So why are we so oblivious to where our clothes come from, we wear them every day surely we should know more about them? This is where Fashion Revolution comes in. Next week is Fashion Revolution week (18th – 24th April) and they are asking us to be curious about where our clothes come from. Ask yourself:

Fashion Revolution want us to share a picture of our clothes with the label showing (wear them inside out) and tag the brand asking #whomademyclothes. If we as consumers start asking more about where our clothes come from brands will have to act.

Currently, a lot of brands don’t even know where their clothes are made. The Behind the Barcode Fashion Report found that 48% of brands hadn’t traced the factories where their garments were made, 75% didn’t know where their fabrics came from and 91% didn’t know where the raw materials came from. This needs to change and the whole industry needs to become more transparent.

If you want to find out more about Fashion Revolution check out their website here, they also have lots of events running across the country for Fashion Revolution week which you’ll find details of on the website. Remember to post your picture of your clothes label, thanking whoever made the garment tagging in the brand and using the #whomademyclothes. Keep an eye on my Instagram for my picture.

If you want to learn more about the dark side of the fast fashion industry I highly recommend watching The True Cost. Everyone I know who’s seen the film has spoken about the impact its made on them. The True Cost is available on Netflix, Amazon Instant Video and iTunes. There are also lots of screenings taking place across the country. Visit to find out more.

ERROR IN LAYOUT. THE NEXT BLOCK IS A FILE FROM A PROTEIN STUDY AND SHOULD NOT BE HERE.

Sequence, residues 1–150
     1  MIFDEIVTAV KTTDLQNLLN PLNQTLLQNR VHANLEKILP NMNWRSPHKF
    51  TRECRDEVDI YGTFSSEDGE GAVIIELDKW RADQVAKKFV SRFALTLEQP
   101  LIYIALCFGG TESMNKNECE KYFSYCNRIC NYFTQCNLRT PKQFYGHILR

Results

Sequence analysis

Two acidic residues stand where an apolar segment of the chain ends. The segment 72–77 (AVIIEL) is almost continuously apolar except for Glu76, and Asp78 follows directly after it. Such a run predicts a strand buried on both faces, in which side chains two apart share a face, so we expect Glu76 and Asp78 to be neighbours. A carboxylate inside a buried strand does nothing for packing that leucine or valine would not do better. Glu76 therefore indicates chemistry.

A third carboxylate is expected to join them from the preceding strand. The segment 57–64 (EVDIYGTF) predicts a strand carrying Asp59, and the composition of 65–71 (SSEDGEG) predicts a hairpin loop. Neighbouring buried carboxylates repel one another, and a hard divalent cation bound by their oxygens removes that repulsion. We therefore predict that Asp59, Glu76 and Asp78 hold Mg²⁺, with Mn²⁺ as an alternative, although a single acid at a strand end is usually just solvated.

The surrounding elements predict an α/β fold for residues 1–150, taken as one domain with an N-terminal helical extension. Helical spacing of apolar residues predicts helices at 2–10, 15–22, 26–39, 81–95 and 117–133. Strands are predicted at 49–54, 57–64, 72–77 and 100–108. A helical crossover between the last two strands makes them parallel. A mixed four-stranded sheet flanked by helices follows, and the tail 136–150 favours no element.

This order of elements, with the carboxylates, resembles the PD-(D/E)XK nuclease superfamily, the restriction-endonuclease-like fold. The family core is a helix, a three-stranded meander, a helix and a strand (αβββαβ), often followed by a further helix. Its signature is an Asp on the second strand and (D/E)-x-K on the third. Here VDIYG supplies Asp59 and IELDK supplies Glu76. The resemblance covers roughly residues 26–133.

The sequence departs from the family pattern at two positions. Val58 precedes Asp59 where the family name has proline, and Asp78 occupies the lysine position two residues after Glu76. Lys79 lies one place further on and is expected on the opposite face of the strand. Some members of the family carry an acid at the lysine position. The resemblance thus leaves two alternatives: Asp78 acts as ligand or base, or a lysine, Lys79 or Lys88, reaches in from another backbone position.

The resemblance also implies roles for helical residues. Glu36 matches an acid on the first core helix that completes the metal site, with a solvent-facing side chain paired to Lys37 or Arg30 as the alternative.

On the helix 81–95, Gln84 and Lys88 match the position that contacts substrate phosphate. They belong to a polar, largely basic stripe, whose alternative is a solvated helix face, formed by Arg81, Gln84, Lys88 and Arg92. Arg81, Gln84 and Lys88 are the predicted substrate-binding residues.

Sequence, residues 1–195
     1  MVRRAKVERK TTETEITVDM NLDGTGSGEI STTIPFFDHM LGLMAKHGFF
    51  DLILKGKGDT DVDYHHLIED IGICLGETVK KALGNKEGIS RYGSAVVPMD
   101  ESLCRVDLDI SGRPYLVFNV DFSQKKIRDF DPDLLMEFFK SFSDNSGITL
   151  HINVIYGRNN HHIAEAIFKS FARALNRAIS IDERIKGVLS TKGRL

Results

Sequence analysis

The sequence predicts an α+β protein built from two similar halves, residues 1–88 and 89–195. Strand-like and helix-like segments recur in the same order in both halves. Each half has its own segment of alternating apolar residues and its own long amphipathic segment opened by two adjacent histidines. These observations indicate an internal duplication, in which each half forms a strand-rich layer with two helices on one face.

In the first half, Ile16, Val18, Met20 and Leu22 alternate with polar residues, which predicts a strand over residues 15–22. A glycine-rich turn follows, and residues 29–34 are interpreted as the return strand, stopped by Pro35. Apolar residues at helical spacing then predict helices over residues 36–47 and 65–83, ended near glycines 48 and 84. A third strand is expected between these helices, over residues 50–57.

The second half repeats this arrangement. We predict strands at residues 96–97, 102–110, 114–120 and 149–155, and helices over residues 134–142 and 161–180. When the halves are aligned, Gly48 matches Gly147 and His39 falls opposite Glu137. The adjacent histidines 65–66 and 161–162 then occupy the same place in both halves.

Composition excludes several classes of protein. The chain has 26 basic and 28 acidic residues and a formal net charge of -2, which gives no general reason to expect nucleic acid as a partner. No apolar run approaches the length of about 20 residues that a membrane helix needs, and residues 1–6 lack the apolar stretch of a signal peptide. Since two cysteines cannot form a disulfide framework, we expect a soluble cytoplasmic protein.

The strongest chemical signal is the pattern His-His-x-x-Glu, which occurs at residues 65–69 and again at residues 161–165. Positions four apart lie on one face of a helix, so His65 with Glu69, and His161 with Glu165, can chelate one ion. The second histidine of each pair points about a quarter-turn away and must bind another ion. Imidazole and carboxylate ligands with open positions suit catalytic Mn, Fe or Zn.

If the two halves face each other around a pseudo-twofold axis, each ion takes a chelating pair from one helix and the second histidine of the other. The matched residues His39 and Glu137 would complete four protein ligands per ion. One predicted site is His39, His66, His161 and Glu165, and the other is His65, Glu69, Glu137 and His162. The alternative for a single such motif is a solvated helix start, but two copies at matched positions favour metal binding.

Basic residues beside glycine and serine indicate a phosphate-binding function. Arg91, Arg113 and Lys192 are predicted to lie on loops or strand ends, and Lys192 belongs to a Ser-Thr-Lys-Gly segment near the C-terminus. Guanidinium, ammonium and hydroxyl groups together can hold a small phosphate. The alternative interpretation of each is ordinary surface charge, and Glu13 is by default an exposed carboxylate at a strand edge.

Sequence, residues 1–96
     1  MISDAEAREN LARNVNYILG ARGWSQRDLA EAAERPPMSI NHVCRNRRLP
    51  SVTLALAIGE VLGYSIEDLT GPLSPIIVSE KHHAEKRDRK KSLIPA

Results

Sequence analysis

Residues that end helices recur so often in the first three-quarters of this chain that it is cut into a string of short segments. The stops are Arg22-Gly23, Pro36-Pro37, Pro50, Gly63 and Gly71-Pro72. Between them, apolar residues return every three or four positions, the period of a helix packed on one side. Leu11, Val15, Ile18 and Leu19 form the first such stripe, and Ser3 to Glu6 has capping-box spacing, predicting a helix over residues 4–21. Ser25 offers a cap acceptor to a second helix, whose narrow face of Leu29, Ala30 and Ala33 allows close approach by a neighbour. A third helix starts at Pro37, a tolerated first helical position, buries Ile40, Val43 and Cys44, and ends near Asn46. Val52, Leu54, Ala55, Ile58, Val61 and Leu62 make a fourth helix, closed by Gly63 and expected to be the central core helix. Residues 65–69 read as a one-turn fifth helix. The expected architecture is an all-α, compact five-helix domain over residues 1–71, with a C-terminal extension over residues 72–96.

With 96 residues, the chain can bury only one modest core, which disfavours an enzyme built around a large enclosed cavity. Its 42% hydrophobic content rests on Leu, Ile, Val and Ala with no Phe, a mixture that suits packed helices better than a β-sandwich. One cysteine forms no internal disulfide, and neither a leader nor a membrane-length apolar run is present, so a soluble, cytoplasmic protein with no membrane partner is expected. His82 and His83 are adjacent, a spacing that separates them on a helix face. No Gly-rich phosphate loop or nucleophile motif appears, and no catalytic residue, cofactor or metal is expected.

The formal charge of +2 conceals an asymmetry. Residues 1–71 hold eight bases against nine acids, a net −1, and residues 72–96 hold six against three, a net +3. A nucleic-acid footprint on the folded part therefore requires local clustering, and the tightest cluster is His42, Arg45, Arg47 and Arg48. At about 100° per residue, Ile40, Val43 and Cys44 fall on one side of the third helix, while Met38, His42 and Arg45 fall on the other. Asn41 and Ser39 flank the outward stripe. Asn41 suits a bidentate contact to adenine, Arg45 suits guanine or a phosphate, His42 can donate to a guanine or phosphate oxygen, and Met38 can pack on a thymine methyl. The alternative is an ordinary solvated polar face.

I also recommend reading Lucy Siegle’s book ‘To Die For: Is Fashion Wearing out the World?’ if you want to go a little deeper. You can purchase the book here.

Have you ever thought about where your clothes come from and who made them? Read about Fashion Revolution week and support ethical fashion


2 responses to “Fashion Revolution Week”

  1. Iga Berry says:

    I am more and more aware of where from are my clothes. Actually fast fashion very often also offers a very fast product lifetime. Sometimes it's really worth it to save up and buy something what will last for longer than till the first washing.
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  2. LuFromMars says:

    This was really interesting. Just a few days ago I watched the "The True Cost" documentary and that left me thinking. I myself buy almost all my clothing from fast fashion stores. I have started thinking that it's way better to save a bit more money and splurge on something of good quality and made ethically correct, respecting the people who made the garments. I'm new to your blog, just saw your post retweeted on Twitter, gonna follow and read some more of your posts 🙂

    Lu From Mars – Daydreams and Daily Happenings